Benjamin Netanyahu has backtracked on his historic 2009 Bar-Ilan University speech saying that as long as he is Israeli prime minister, a Palestinian state will not exist.

As part of a last-minute attempt to poach votes from right-wing electors, Netanyahu rejected earlier vows of support for a two-state solution to the Israel-Palestine conflict.

"I think anyone who is going to establish a Palestinian state and to evacuate territory, is giving radical Islam a staging ground against the State of Israel," he told NRG website. Asked whether under his watch "there will be no Palestinian state", the Likud leader replied "Indeed".

"This is the reality that was created here over the past few years. Whoever ignores it is burying their heads in the sand. The left is doing this, burying its head in the sand time after time," he added.

In 2009, during a speech at Bar-Ilan University, Netanyahu voiced support for a "demilitarised Palestinian state side by side with the Jewish state".

"Netanyahu was elected in 1996 saying he was going to kill the Oslo peace process and somehow he did it," Xavier Abu Eid, a spokesman for the Palestine Liberation Organization (PLO), told IBTimes UK.

"We knew he doesn't want a Palestinian state. The two-state solution was not part of his political programme or of the Israeli government. But the settlement expansion was [part of the agenda]. We've been saying that for years."

Abu Eid called Bar-Ilan university speech "a PR stunt" and said Netanyahu "has been doing everything possible to kill the two-state solution".

Har Homa speech

Likud's erosion in votes ahead of tight elections tomorrow (17 March) in favour of the centre-left Zionist Union of Isaac Herzog and Tzipi Livni has plunged the conservative party into chaos, with Netanyahu releasing scores of interviews in an attempt to win over the Israeli right-wing.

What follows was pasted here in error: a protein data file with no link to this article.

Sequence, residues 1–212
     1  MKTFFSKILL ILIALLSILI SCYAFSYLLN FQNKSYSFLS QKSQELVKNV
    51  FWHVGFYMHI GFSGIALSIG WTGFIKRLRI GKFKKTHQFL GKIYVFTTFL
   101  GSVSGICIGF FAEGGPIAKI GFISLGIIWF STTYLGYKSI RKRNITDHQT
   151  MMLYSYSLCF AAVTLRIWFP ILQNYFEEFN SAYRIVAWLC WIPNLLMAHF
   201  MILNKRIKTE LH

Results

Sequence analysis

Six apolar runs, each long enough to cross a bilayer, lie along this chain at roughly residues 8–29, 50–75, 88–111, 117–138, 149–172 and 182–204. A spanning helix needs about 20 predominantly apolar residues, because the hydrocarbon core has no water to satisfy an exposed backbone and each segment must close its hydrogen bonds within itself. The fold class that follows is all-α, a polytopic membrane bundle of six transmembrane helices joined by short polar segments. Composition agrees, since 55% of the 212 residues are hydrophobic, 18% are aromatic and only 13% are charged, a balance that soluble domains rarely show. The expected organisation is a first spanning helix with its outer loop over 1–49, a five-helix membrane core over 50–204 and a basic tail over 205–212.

The prime minister visited the Jerusalem neighbourhood of Har Homa during a campaign stop one day before the general election. He showed on a map the roughly 4,000 apartments built and 2,000 more planned or under construction since building was approved there.

Har Homa settlement
A crane is seen next to homes in a Jewish settlement near Jerusalem known to Israelis as Har Homa and to Palestinians as Jabal Abu Ghneim Reuters

"It was a way of stopping Bethlehem from moving toward Jerusalem," Netanyahu said. "This neighbourhood, exactly because it stops the continuation of the Palestinians. I saw the potential was really great."

It is the first time that Netanyahu has openly admitted to building settlements to disrupt a potential Palestinian state between Bethlehem and Jerusalem, which the Palestinians see as their future capital.

Har Homa, which was the stage of huge Palestinian protests in the 1990s for its strategic location between Bethlehem and occupied East Jerusalem, is home to 25,000 people today. It was annexed into Jerusalem after the 1967 war.

The Palestinian Authority tried to get a condemnation from the UN security council after Netanyahu approved building in the area in 1997. But the United States, a long-standing ally of Israel, vetoed the resolution.

"Twenty years later we have this huge settlement and Netanyahu is telling everyone – including those who called for a veto at the security council – that he did not build the settlements for electoral reasons (like he said 20 years ago) but strategically to split Bethlehem from occupied East Jerusalem," the PLO spokesman said.

"It's very sad that Israeli politicians have to campaign on who's going to annex more land in order to win the elections," Abu Eid continued. "It's very sad that they're going to campaign on who's going to violate international law the most to win an election."

"This is not something new for us, we've been saying that forever," he said, referring to Har Homa.